Created Sun, 26 Aug 2012 23:31:09 +0000 by educa
Sun, 26 Aug 2012 23:31:09 +0000
Hi, I'm new to chipkit but not to arduino or lower level avr programming
Now I try to make a laser cutter controller and need quite high speed for that. The controller will control both stepper motors and a laser power supply
Therefore, I wonder about the following things.
Is it possible to disable ALL interrupts on the chipkit max? I ask this because I expect that like on arduino there is by default an ISR defined which powers the getmillis or getmicros function or whatever. I don't need that function, so I would like to disable all interrupts so my code absolutely doesn't get interrupted. Possible ?
I read that there is a function readcoretimer() which actually gives me the value of a built in 32bit timer with 25ns resolution. I also see that this timer can overflow about every 107 sec, but does this timer work also when interrupts are disabled ? Is this timer read only or can it be zeroed? I would use it to implement some timing without needing interrupts by letting my code wait until the coretimer reaches a certain value. To determine that value I would take the current coretimer and add a certain value to it. I guess the fact that the timer overflows won't hurt me too much for doing this ?
I found online some information about how to do fast pin setting and resetting on chipkit, but can somebody tell me what is the absolutely fastest way to set a whole port? Is it like on arduino with PORTD = B10101000; ?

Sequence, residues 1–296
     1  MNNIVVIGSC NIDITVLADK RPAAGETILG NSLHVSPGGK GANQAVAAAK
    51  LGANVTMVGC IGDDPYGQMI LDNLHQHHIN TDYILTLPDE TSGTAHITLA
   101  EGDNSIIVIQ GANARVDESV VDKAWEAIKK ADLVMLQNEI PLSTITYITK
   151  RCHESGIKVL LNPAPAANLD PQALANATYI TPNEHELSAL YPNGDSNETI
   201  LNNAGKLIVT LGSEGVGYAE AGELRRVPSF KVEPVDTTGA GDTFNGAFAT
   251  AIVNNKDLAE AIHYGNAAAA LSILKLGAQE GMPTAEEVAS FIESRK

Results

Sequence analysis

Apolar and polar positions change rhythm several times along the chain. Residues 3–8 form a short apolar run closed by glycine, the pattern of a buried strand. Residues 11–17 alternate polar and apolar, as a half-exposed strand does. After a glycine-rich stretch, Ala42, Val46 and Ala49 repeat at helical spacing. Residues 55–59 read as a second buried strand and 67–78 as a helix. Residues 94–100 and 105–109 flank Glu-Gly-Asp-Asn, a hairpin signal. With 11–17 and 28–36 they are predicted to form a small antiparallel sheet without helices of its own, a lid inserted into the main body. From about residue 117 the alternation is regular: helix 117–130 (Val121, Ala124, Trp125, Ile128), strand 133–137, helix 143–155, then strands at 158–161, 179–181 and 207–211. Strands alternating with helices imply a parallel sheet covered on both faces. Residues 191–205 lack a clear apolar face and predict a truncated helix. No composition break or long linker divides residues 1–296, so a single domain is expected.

Bart Libert Belgium
Mon, 27 Aug 2012 09:36:15 +0000
- I found online some information about how to do fast pin setting and resetting on chipkit, but can somebody tell me what is the absolutely fastest way to set a whole port? Is it like on arduino with PORTD = B10101000; ?
Similar. You work with "LAT" registers (latch) for writing, and "PORT" registers for reading. And they're 16 bit registers.
So, to set all of port B to a nice alternating pattern:
Because there are so many IO pins available not all of them are routed to actual physical connectors. Check the manual for your board for a full mapping of all the IO pins.
Wed, 29 Aug 2012 23:14:59 +0000
The noInterrupt() function is a standard Arduino function that turns off the global interrupt enable flag. This disables all interrupts to the processor. The interrupts() function is used to turn on the global interrupt enable flag.
The core timer is part of the MIPS processor. It is in addition to the five 16 bit timers that are part of the set of peripherals. It is a 32 bit counter that increments on every other instruction clock. So, if the processor clock is 80Mhz (which it is for most chipKIT boards), the core timer counter increments at 40Mhz. This happens as long as the processor clock is running. There is also a compare register associated with the core timer that can be used to generate an interrupt when the core timer counter matches the value in the compare register. This interrupt will be disabled when noInterrupts() is used. The core timer and its associated compare register are used to generate a 1ms interrupt that is used to maintain a 32 bit millisecond counter in a global memory variable. This is what is returned by the millis() function.
There is a core timer service facility available that allows a sketch to specify a function to be called when a particular core timer count value occurs. This core timer service facility was added in a test build earlier this summer. It isn't in the last official release, but has been in the last two or three test builds and will be in the next official release. The SoftPWMServo library now uses it.
Gene Apperson Digilent